California has some of the worst air quality in the country. The problem is rooted in the San Joaquin Valley

FRESNO, Calif. — The ongoing effects of climate change have left much of the western United States to suffer from worsening air quality in recent years, with more than 40 percent of people in the country now living in places that earned failing grades for unhealthy levels of particle pollution or ozone, according to the American Lung Association.

But in places like California’s San Joaquin Valley, home to large productions of oil, agriculture and warehouse distribution, this has been the case for years. The region has been out of compliance with Environmental Protection Agency standards for 25 years, earning the region the unwanted distinction of being among the most polluted regions in the country, and residents and air quality activists say there have been few significant solutions. As California heads into another wildfire season, environmentalists and lawmakers are trying to revive a decades-long push to strengthen air quality regulation to curb pollution and reduce the many consequences of daily life with dirty air, including rising health care costs.

Clean air activists argue that the Valley’s air district hasn’t done enough to meet air standards because polluting industries in the region have been too influential in shaping policies around air quality and has contributed to the slow pace of cleaning up the air in the region.

During his time as an emergency room doctor between 2007 and 2015 in Selma, just outside Fresno, Dr. Joaquin Arambula remembers patients regularly seeking care for breathing problems. Visits increased when pollution levels spiked.

Now a representative for California’s 31st district in the state assembly, he recently introduced a new law that he hopes can help boost regulatory powers on air pollution across the state, and in his home region.

Read More: ‘You can’t just hold your breath.’ Toxic smoke, fueled by wildfires, chokes California

Assembly Bill 2550 would give greater power to the California Air Resources Board, which works with local air districts to prepare plans on combating air quality, to examine why local air quality plans fail and to bring in community groups to help strategize new ways to combat air pollution. The bill could come up for a vote in the state Senate by August.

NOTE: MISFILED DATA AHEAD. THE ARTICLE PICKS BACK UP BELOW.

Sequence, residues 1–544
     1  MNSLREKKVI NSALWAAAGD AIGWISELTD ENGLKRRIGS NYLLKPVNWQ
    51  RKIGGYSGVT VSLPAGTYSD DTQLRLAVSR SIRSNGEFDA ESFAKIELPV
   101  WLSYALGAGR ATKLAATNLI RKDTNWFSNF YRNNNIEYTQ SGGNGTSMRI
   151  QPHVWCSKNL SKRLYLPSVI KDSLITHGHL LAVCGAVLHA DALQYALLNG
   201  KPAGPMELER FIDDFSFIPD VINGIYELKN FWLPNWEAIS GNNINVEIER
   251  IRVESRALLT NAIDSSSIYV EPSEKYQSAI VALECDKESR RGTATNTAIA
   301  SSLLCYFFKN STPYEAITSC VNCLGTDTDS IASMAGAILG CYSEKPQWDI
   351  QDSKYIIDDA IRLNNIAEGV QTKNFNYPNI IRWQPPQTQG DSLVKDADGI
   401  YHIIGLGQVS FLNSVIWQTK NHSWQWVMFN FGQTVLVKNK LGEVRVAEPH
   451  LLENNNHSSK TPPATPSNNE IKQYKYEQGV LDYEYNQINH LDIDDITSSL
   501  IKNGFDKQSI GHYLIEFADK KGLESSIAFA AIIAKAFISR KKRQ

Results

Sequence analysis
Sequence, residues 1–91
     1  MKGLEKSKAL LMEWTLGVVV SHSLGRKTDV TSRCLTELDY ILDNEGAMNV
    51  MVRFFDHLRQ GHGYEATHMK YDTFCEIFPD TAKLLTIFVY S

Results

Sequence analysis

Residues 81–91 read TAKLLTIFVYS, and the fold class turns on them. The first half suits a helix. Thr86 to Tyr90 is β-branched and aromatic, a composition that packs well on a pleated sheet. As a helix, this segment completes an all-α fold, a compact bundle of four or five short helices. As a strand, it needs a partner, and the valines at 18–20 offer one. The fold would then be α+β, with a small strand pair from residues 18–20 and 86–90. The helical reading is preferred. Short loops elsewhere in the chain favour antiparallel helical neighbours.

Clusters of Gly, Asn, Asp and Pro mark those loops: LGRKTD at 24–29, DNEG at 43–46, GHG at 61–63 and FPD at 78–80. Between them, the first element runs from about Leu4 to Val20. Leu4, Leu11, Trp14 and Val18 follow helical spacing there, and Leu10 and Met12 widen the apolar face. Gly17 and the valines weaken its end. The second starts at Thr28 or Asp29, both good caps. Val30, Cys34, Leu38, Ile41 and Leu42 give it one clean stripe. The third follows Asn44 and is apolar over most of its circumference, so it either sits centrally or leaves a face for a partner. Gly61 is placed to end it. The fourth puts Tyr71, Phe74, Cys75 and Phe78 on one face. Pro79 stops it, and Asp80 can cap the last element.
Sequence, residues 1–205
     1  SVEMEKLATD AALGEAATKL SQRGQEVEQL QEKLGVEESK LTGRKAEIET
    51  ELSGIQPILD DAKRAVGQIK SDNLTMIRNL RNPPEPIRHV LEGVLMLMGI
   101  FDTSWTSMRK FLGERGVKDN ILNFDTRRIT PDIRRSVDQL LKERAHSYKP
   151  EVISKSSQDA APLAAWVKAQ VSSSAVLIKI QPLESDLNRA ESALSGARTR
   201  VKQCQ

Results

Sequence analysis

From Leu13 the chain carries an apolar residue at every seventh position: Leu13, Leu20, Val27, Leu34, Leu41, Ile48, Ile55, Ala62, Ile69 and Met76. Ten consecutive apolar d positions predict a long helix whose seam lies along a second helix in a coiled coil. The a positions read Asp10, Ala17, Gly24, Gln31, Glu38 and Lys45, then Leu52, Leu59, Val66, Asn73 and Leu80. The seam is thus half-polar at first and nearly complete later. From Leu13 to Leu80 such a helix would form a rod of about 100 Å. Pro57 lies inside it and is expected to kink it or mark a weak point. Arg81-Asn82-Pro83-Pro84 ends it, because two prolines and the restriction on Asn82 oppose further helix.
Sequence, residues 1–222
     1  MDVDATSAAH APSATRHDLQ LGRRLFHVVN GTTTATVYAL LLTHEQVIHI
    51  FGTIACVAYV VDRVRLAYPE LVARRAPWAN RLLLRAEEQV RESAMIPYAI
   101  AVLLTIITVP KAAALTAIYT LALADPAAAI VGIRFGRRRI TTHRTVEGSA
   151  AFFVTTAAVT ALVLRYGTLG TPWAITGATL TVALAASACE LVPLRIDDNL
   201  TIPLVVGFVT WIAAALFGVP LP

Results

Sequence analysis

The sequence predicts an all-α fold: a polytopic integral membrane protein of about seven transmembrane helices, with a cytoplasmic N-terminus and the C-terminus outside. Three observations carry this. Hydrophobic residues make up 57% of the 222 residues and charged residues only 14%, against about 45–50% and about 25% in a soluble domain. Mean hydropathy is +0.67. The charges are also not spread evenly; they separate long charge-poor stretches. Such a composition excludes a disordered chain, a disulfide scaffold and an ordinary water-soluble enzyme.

The bill is symbolically numbered “2550” because it has been 25 years since the region has been in compliance with federal air standards. The goal, Arambula said, is to meet those air standards within 50 years.

“I believe we have to think outside the box and ask for more assistance from other regulators to help us to get into compliance,” Arambula told the NewsHour.

In April, the American Lung Association released its 23rd “State of the Air” report, which showed the number of days of “very unhealthy” or “hazardous” air rose to the highest level in two decades across the United States.

The report measured air quality between 2018 and 2020, which it noted were among the seven hottest years on record globally. Heat is a major contributor to ozone pollution, which happens when emissions react under heat and sunlight. Natural disasters like wildfires have also released hazardous fine particles into the air in California and other western states. The particles in smoke, known as PM 2.5, are tiny enough to enter the bloodstream and cause a number of health challenges. Particle pollution causes breathing problems of varying severity, including asthma attacks and COPD exacerbations, and even lung cancer, according to Laura Kate Bender, national assistant vice president of healthy air for the American Lung Association.

The Lung Association found that counties in California and several western states received failing grades for air quality despite states putting stronger emissions standards in place and cleaner vehicles being on the road. According to the association, the Fresno area ranked the highest in the nation this year for short-term air pollution; it replaced Fairbanks, Alaska. A hundred miles south, Bakersfield ranks the highest for year-round pollution. The report also notes the pollution disparities created by climate change, which are likely to grow through drought and heat events, and which are disproportionately affecting communities where majority Black and brown people live.

“Unless we take action to really address climate change, it’s going to undo a lot of the progress that we’ve made in the country in cleaning up the air,” Bender told the NewsHour.

Pollution: a local problem

Last year, communities around Fresno and Bakersfield were shrouded in ash and smoke from multiple wildfires burning in the state. Large wildfires have become a more common occurrence in recent years, making fighting local pollution more difficult.

Nationally, pollution levels have gone down ever since the Clean Air Act was passed in 1970, and subsequent amendments were passed in the 1990s. These targeted common pollutants like particles and ozone, among others. According to the Environmental Protection Agency, emissions from the most common pollutants dropped by 78 percent between 1970 and 2020 — and the agency estimates around 2 million premature deaths from asthma exacerbations related to air pollution were prevented.